Austin, Texas
April 9, 2009

Honorable Tommy Merritt, Chair, House Committee on Public Safety
John S. O'Brien, Director, Legislative Budget Board
HB2932 by Vaught (Relating to including in the computerized criminal history system certain forensic DNA test results that indicate the person committed another offense. ), Committee Report 1st House, Substituted

Estimated Two-year Net Impact to General Revenue Related Funds for HB2932, Committee Report 1st House, Substituted: an impact of $0 through the biennium ending August 31, 2011.

The bill would make no appropriation but could provide the legal basis for an appropriation of funds to implement the provisions of the bill.

Fiscal Year Probable Net Positive/(Negative) Impact to General Revenue Related Funds
2010 $0
2011 $0
2012 $0
2013 $0
2014 $0

Fiscal Year Probable Savings/(Cost) from
State Highway Fund
2010 ($1,210,000)
2011 $0
2012 $0
2013 $0
2014 $0

Fiscal Analysis

The bill would amend the Code of Criminal Procedure and the Government Code to require that certain forensic DNA test results be included in the Computerized Criminal History (CCH) system. Section one of the bill would amend the Code of Criminal Procedure to require that a summary of any forensic DNA test results indicating a high likelihood that the defendant committed another offense, regardless of whether the defendant is arrested or charged with that offense, be included in the CCH information along with the offense code for that offense.  This provision would apply to any defendant who has been arrested for or charged with any felony or misdemeanor offense, other than a misdemeanor offense punishable by fine only.  Section two of the bill would amend the Government Code to include the summary information (if required by Article 60.051(g)(2), Code of Criminal Procedure) in the definition of "Criminal history record information".  The bill would take effect September 1, 2009.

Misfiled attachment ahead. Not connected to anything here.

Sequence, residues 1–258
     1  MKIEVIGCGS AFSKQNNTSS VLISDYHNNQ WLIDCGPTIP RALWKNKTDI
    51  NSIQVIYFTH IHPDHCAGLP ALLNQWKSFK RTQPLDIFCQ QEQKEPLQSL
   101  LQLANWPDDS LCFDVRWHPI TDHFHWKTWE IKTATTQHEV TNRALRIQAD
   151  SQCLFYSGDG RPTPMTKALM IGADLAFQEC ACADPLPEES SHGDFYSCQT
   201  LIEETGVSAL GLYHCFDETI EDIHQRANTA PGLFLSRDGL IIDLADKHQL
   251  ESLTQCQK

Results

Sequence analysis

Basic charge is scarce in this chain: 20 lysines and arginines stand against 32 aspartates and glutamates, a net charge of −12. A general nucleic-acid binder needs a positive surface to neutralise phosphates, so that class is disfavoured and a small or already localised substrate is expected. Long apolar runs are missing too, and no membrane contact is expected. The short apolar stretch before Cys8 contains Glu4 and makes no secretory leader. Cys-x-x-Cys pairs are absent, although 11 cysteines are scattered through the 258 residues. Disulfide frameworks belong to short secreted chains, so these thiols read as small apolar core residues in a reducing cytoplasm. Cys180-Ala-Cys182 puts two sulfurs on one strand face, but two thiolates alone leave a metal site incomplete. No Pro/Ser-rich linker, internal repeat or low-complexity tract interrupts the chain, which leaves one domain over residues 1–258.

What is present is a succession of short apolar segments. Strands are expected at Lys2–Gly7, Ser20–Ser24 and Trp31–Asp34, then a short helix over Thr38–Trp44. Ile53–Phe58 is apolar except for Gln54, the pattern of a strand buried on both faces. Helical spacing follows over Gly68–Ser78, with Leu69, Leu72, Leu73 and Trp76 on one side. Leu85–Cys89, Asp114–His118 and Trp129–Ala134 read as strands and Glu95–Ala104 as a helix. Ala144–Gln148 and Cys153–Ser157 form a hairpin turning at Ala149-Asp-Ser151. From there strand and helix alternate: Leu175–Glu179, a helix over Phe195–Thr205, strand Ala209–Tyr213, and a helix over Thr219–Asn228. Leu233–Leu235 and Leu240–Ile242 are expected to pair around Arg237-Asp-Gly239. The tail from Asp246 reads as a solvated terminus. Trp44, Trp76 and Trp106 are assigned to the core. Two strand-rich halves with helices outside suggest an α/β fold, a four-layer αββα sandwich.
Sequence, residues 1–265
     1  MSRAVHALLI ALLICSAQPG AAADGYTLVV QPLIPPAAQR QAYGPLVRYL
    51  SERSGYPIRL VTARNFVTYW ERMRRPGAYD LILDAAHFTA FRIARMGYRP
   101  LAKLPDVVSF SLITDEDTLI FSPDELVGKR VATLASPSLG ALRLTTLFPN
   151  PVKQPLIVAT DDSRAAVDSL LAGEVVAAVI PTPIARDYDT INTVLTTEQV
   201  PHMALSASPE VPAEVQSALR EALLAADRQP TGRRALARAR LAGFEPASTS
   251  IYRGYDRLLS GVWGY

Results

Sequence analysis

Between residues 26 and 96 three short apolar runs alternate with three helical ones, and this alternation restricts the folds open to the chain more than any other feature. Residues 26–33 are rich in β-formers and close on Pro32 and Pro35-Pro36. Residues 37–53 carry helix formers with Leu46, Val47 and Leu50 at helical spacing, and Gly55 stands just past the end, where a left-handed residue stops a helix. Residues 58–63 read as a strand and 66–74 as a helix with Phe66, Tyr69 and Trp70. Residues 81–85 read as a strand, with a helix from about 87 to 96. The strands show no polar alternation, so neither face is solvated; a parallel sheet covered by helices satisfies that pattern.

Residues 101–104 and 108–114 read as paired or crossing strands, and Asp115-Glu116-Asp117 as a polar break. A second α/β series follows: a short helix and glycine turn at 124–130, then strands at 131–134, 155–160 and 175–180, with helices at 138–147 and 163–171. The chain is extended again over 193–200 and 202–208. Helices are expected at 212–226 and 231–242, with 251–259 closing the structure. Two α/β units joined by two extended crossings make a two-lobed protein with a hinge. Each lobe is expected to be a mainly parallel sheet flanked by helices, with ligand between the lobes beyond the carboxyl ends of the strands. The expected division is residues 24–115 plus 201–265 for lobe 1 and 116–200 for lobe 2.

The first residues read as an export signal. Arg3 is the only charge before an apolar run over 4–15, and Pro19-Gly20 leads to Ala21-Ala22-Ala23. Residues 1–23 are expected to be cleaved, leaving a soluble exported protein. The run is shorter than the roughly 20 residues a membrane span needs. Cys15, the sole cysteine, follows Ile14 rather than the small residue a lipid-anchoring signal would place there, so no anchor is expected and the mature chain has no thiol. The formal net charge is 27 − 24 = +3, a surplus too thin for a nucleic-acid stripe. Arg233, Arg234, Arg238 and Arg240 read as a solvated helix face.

The Department of Public Safety (DPS) indicates that the Combined DNA Index System (CODIS) Laboratory would need to be modified in order to comply with the provisions of the bill.  Presently, the DPS CODIS Lab only captures a summary of forensic DNA test results when there is a match with a person, and that information is passed to the submitting agency or lab.  DPS would need to modify the Criminal History File to capture the additional information, and create an interface with the DNA CODIS database to populate the new fields.  DPS also would need to modify the public Criminal History website to display the new data.

The Computerized Criminal History (CCH) system does not currently interact with any automated systems that compile summary forensic DNA test results by state or local agencies.  The DNA CODIS Laboratory currently retains information regarding search results confirming a match against an existing, stored DNA record.  The bill would require the sending of a CODIS database match report, which links an offender with an unsolved crime, to the Crime Records Service (CRS) for inclusion in the offender's CCH file, along with the Penal Code offense number identifying the unsolved crime.  The agency requested one full-time equivalent to perform the modifications, but this analysis assumes that the necessary programming could be completed by existing personnel. 


The CCH system will need to be modified to store new data types.  DPS estimates the cost of the modifications to be $893,750 (5,000 hours multiplied by $178.75 per hour) in fiscal year 2010.  Additionally, the DPS Public CCH website will need to be modified to present new data types.  DPS estimates the cost of the modifications to be $316,250 (2,500 hours multiplied by $126.50 per hour) in fiscal year 2010.

Local Government Impact

No significant fiscal implication to units of local government is anticipated.

Source Agencies:
405 Department of Public Safety
LBB Staff: